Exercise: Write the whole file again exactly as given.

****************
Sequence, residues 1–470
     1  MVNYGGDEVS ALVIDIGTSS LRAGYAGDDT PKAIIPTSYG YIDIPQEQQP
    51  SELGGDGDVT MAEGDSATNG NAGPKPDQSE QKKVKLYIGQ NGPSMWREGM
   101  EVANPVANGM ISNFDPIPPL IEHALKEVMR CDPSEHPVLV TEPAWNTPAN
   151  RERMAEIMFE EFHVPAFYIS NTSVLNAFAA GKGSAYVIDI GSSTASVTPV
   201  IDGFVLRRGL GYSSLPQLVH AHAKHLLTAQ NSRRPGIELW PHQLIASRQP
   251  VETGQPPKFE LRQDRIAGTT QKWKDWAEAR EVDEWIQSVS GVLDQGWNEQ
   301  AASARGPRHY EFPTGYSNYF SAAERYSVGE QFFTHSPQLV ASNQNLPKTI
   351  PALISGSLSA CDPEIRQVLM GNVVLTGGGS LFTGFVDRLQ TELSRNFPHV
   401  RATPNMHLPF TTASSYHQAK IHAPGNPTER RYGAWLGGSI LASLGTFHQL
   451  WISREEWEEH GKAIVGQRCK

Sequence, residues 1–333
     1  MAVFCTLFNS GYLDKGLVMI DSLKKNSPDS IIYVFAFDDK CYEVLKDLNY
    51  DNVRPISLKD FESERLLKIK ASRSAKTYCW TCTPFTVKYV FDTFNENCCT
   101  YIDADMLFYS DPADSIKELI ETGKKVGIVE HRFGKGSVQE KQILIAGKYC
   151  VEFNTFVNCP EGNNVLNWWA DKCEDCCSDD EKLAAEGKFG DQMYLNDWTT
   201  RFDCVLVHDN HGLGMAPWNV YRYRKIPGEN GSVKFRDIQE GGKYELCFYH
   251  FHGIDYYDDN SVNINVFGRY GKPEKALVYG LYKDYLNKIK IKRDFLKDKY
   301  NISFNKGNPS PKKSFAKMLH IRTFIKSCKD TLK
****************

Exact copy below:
Sequence, residues 1–470
     1  MVNYGGDEVS ALVIDIGTSS LRAGYAGDDT PKAIIPTSYG YIDIPQEQQP
    51  SELGGDGDVT MAEGDSATNG NAGPKPDQSE QKKVKLYIGQ NGPSMWREGM
   101  EVANPVANGM ISNFDPIPPL IEHALKEVMR CDPSEHPVLV TEPAWNTPAN
   151  RERMAEIMFE EFHVPAFYIS NTSVLNAFAA GKGSAYVIDI GSSTASVTPV
   201  IDGFVLRRGL GYSSLPQLVH AHAKHLLTAQ NSRRPGIELW PHQLIASRQP
   251  VETGQPPKFE LRQDRIAGTT QKWKDWAEAR EVDEWIQSVS GVLDQGWNEQ
   301  AASARGPRHY EFPTGYSNYF SAAERYSVGE QFFTHSPQLV ASNQNLPKTI
   351  PALISGSLSA CDPEIRQVLM GNVVLTGGGS LFTGFVDRLQ TELSRNFPHV
   401  RATPNMHLPF TTASSYHQAK IHAPGNPTER RYGAWLGGSI LASLGTFHQL
   451  WISREEWEEH GKAIVGQRCK

Sequence, residues 1–333
     1  MAVFCTLFNS GYLDKGLVMI DSLKKNSPDS IIYVFAFDDK CYEVLKDLNY
    51  DNVRPISLKD FESERLLKIK ASRSAKTYCW TCTPFTVKYV FDTFNENCCT
   101  YIDADMLFYS DPADSIKELI ETGKKVGIVE HRFGKGSVQE KQILIAGKYC
   151  VEFNTFVNCP EGNNVLNWWA DKCEDCCSDD EKLAAEGKFG DQMYLNDWTT
   201  RFDCVLVHDN HGLGMAPWNV YRYRKIPGEN GSVKFRDIQE GGKYELCFYH
   251  FHGIDYYDDN SVNINVFGRY GKPEKALVYG LYKDYLNKIK IKRDFLKDKY
   301  NISFNKGNPS PKKSFAKMLH IRTFIKSCKD TLK